And now, I'm the child.  I want MY mom.  But, she is out of town and calling her will only scare her more than she could help.  My second mom is here.  I can call her.  She will know what to do to make all of this go away.  She'll know what to say.  I call her.  The seizure doesn't stop.

Words.  Phrases.  Continuous streams of words and phrases being shouted around me.  "We need more medication."  "We need to intubate."  " He needs to be shipped to St. Louis Children's Hospital."  Ok, the seizure isn't stopping.  I have to do three things.
 1. Stand by my son as a tube is placed in his throat to keep him breathing.
 2.  Pick up my purse, and walk beside him to the ambulance.
3.  Arrive at the airport on join him on the tiny airplane that will take us to St. Louis.

These are the only three things that I can do.  My brain is now empty except for these three things and the mechanisms I need to be working in order for me to continue living.  Heart beating.  Breathing.  Those things and the steps that will get me to the place where people can help my son.  I can do this.  I can do this.  I can do this.  The plane is waiting for us, and we board for our 40 minute flight.  There was so much turbulence and the weather was so bad that the medical personnel on the flight actually hit their heads on the ceiling.  It was a bizarre thing to notice because I'm afraid of flying.  But, at that moment I just watched from somewhere outside my body as they were thrown around the plane but I felt no turbulence from my seat right next to them.  My eyes were locked on the lifeless little boy in the bed:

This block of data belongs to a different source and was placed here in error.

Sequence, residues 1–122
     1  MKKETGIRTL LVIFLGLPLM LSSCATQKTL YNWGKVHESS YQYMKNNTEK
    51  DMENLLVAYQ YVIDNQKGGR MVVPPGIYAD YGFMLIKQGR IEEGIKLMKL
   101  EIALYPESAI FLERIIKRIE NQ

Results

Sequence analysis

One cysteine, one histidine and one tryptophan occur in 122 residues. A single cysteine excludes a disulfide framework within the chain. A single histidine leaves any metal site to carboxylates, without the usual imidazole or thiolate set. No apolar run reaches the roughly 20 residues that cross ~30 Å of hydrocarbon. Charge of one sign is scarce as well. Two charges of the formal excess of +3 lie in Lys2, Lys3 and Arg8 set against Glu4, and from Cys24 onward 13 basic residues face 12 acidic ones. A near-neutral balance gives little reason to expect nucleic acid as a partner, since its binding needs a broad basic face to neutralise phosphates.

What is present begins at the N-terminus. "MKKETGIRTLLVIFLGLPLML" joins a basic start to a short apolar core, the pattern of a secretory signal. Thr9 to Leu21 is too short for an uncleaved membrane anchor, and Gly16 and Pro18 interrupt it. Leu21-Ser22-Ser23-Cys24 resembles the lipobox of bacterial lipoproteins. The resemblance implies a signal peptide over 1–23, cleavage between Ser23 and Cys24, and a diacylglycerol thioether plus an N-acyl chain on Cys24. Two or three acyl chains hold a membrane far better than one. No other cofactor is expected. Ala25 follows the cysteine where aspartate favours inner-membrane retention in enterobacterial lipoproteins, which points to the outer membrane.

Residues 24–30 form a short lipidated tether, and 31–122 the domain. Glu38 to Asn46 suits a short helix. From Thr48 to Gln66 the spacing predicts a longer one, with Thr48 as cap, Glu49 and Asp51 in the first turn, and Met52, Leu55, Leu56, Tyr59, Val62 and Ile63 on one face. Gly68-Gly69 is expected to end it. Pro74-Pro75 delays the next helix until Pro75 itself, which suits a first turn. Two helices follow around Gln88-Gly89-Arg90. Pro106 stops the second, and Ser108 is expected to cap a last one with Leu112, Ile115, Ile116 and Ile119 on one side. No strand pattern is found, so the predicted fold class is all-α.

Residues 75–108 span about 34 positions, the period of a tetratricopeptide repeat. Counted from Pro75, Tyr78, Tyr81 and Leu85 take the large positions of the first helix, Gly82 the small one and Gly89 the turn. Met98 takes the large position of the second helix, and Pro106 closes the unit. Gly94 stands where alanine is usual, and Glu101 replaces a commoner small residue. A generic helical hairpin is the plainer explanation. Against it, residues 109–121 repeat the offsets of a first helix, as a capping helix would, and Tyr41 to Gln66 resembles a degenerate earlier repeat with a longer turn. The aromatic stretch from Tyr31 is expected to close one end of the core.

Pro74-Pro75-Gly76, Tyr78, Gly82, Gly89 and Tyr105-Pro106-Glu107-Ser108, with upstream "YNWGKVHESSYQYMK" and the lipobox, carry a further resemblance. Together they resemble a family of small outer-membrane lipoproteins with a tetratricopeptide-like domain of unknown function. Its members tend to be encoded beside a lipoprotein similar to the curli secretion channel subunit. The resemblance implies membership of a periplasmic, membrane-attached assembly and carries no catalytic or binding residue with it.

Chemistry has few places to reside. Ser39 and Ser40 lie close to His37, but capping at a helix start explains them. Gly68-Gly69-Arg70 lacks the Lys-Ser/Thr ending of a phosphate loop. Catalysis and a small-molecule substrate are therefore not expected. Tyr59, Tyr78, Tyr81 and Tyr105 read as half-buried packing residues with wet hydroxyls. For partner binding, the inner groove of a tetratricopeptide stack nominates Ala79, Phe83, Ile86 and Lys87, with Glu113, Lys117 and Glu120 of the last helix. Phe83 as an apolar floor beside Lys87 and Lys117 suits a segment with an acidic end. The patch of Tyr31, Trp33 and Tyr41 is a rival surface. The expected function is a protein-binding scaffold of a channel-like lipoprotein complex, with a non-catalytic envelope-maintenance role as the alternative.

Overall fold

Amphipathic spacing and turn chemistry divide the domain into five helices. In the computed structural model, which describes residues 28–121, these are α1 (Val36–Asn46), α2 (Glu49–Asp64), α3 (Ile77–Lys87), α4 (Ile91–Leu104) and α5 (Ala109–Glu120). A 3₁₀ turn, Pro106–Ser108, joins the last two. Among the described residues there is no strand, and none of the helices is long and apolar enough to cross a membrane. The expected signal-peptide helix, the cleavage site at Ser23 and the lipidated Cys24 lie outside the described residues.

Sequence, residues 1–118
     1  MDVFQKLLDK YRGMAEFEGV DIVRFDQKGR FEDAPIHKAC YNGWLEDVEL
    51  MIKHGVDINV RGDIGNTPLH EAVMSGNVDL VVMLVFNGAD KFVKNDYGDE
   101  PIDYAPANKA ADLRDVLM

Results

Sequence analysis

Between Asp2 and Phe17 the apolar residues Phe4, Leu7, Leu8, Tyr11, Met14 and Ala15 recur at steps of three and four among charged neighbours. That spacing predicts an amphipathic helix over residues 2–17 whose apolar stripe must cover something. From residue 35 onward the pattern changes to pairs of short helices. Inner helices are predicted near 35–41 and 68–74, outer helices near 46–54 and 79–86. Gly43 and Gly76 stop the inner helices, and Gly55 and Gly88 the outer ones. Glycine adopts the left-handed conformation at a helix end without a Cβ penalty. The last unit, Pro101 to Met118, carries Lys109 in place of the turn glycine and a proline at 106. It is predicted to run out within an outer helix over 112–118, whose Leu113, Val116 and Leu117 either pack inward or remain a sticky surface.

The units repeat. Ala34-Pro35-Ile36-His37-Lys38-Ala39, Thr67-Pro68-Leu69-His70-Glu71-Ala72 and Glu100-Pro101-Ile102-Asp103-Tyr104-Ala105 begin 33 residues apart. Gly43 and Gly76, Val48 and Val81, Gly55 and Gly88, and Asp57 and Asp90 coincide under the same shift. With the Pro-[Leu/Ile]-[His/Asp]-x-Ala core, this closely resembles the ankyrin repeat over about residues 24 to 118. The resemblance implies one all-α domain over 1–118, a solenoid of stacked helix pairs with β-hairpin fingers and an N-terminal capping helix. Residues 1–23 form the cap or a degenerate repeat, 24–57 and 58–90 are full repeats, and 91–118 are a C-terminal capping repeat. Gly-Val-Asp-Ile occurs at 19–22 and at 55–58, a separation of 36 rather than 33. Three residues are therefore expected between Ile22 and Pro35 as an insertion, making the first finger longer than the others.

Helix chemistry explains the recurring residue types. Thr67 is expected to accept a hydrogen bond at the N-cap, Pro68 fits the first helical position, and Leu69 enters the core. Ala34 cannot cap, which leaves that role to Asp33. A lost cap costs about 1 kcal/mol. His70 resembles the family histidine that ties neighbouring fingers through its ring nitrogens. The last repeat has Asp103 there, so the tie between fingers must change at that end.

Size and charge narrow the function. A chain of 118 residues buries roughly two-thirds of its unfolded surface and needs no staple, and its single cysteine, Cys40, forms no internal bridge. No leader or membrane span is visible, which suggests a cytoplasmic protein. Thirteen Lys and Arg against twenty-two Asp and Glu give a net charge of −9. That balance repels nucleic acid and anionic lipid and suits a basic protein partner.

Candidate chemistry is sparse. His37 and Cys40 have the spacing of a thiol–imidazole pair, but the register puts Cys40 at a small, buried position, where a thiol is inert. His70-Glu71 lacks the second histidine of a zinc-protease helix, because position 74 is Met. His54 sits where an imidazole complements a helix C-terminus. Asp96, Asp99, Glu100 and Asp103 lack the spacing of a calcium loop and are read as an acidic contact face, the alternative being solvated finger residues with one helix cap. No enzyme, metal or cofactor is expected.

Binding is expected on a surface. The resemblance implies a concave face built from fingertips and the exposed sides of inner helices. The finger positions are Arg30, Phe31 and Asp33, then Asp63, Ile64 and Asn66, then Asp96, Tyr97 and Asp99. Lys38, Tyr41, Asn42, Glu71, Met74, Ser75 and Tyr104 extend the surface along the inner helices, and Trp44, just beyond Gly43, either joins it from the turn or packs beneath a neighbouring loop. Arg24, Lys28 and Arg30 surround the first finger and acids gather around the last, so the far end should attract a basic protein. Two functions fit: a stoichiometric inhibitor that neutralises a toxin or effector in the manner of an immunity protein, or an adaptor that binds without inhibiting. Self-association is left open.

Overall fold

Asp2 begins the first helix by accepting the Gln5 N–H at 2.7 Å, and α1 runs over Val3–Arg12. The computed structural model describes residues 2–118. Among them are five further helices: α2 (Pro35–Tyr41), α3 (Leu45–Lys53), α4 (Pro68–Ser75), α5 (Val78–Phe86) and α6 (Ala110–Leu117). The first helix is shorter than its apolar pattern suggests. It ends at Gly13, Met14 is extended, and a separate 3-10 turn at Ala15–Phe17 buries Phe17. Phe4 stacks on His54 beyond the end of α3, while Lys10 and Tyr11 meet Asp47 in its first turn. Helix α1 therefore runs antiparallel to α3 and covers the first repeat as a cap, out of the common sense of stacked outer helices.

"Don't die baby.  Please don't die.  I love you.  That should be enough, right?  Don't die.  We're almost there."

We arrived at the St. Charles airport and they moved us to a Children's Hospital ambulance.  Easton was in the back with the medical personnel and I was in a middle cab...alone.  It was at this moment that I began to "feel" again.  I looked out the rain-stained window as we pulled up to a stoplight.  I saw a mini-van next to our ambulance and in the back seat was a curly-haired little boy around 18 months old.  He didn't smile, or wave emphatically as babies often do.  He looked straight into my eyes and slowly put his hand up to the window and held it there.  This was my moment.  My moment to be with my baby without actually seeing him.  And everything about this little boy was right...except his eyes.  He had large, round BROWN eyes.  My baby has ice blue eyes.  I couldn't stop the tears then, and I didn't try.